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The Chemical Brothers: Exit Planet Dust

Album Reviews:

Q (2/96, p.63) - Included in Q's 50 Best Albums of 1995.

Q (9/95, p.115) - 3 Stars (out of 5) - "...a seamless, electro-gliding whole, the Brothers show...their ability to weave hip hop breakbeats and techno thumping, before everything subsides for the lush, chilled-out `One Too Many Mornings'..."

Alternative Press (10/95, p.88) - "...The overused epithet `slammin'' really does apply to the music of Brothers Tom Rowlands and Ed Simons. Subtle it ain't, but EXIT PLANET DUST will trigger more hedonism per square foot than any other dance album this year..."

Melody Maker (12/23-30/95, pp.66-67) - Ranked #36 on Melody Maker's list of 1995's `Albums Of The Year' - "...percussive mayhem....breakbeat-driven, anthemic debut opus..."

Village Voice (2/20/96) - Ranked #24 in Village Voice's 1995 Pazz & Jop Critics' Poll.

Village Voice (2/20/96) - "...Starts out whomping irrepressibly, ends up schlocking imperturbably, and either way provides the noise, beats, and basslines us earthlings like in our electrically enhanched popular music..." - Rating: A-

NME (Magazine) (12/23-30/95, pp.22-23) - Ranked #20 on NME's `Top 50 Albums Of The Year' for 1995 - "...full-on snarling rock beasts of electronica, laying waste with skyscraper-sized breakbeats and much burbling acid house..."

Album Notes

The Chemical Brothers: Tom Rowlands, Ed Simons.

Additional personnel: Tim Burgess, Beth Orton (vocals); Seggs (bass).

Engineers: Steve "Dub" Jones, Dan Zamani, Tim Holmes.

Principally recorded at Orinoco Studios and Da Da Studios, London, England between August and November 1994.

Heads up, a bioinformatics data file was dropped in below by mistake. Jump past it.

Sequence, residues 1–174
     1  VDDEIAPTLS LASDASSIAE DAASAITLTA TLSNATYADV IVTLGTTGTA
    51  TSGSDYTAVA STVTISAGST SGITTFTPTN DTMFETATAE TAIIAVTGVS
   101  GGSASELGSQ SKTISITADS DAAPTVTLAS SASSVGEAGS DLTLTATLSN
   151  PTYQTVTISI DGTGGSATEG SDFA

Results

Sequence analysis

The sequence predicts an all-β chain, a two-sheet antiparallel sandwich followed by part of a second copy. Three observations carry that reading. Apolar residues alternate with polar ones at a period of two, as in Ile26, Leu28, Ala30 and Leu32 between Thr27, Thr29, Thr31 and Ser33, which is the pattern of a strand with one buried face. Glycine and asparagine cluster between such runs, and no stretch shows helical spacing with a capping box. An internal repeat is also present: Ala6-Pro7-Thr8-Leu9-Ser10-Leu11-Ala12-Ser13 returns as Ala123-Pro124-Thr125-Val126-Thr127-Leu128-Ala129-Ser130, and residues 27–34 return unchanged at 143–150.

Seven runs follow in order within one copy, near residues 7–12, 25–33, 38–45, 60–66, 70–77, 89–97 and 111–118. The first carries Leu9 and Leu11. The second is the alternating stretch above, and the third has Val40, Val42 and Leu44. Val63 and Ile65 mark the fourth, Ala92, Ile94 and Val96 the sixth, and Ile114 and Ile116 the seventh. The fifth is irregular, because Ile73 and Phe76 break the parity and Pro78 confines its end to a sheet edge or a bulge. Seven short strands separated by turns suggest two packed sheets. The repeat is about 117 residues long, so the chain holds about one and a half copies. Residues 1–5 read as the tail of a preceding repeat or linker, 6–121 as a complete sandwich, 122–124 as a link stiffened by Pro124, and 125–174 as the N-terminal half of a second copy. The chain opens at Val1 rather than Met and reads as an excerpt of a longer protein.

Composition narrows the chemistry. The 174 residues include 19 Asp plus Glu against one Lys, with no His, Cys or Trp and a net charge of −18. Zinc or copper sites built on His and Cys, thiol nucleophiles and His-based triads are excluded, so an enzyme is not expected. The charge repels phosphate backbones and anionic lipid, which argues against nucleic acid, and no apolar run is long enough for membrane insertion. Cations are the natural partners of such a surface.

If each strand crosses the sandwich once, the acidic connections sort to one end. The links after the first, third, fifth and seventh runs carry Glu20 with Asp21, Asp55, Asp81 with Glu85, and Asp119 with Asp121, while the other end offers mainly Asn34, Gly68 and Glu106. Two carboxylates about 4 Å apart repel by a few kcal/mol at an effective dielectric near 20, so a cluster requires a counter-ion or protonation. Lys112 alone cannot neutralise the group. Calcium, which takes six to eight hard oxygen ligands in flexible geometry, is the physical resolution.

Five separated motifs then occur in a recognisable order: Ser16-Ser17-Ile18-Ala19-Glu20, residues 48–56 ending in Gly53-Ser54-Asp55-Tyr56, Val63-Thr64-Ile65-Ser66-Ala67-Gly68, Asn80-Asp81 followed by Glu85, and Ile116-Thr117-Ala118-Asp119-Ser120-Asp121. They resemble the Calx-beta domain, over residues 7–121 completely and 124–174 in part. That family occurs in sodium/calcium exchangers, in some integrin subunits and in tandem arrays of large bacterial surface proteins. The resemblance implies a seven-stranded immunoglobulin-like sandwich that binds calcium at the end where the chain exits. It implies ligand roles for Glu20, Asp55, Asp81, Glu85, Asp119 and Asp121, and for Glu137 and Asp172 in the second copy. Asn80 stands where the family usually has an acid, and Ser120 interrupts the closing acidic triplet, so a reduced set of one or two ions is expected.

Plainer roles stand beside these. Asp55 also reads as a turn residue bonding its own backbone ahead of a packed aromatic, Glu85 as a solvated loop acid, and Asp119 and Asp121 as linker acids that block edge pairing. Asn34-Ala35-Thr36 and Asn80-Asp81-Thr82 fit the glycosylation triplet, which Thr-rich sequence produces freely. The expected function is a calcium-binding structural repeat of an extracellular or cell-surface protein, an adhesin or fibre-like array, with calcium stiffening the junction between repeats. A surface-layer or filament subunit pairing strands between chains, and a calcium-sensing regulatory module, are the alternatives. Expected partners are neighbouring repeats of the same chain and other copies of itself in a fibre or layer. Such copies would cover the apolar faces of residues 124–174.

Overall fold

The Chemical Brothers were formerly known as the Dust Brothers. The name change seems particularly appropriate, as many observers viewing the disc's cover would be hard-pressed to perceive this as anything remotely electronic-based. Rave faves and flamboyant studio techies in their native England, the Brothers may be the '90s inheritors of Adrian Sherwood and his On-U Sound legacy.

EXIT PLANET DUST is a record concerned more with the urban jungle than space-time continuums, although there's no shortage of tripped-out effects, stereo panning, reverb, and a healthy amount of studio gimcrackery. Mobile fidelity is the nucleus here, so anyone expecting ambience need look elsewhere. With this record, one of the first to break so-called "electronica" mainstream and on Main Street, USA, The Brothers have assimilated so many dancefloor ideologies that their stance within the "big beat" genre should ultimately get them through the next musical revolution--and beyond. To many, this is the possible future of pop: Spock & roll, anyone?


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